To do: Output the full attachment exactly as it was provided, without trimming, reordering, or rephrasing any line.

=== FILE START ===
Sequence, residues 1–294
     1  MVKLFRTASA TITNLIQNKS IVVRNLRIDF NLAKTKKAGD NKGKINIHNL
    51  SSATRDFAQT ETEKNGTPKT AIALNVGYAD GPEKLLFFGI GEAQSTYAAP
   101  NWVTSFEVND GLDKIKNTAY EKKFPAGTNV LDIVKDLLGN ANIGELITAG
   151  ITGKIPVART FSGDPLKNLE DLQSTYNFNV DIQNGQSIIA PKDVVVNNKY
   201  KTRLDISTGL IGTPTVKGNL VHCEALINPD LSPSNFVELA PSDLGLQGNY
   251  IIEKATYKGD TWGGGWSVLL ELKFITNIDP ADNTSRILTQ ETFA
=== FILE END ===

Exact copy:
Sequence, residues 1–294
     1  MVKLFRTASA TITNLIQNKS IVVRNLRIDF NLAKTKKAGD NKGKINIHNL
    51  SSATRDFAQT ETEKNGTPKT AIALNVGYAD GPEKLLFFGI GEAQSTYAAP
   101  NWVTSFEVND GLDKIKNTAY EKKFPAGTNV LDIVKDLLGN ANIGELITAG
   151  ITGKIPVART FSGDPLKNLE DLQSTYNFNV DIQNGQSIIA PKDVVVNNKY
   201  KTRLDISTGL IGTPTVKGNL VHCEALINPD LSPSNFVELA PSDLGLQGNY
   251  IIEKATYKGD TWGGGWSVLL ELKFITNIDP ADNTSRILTQ ETFA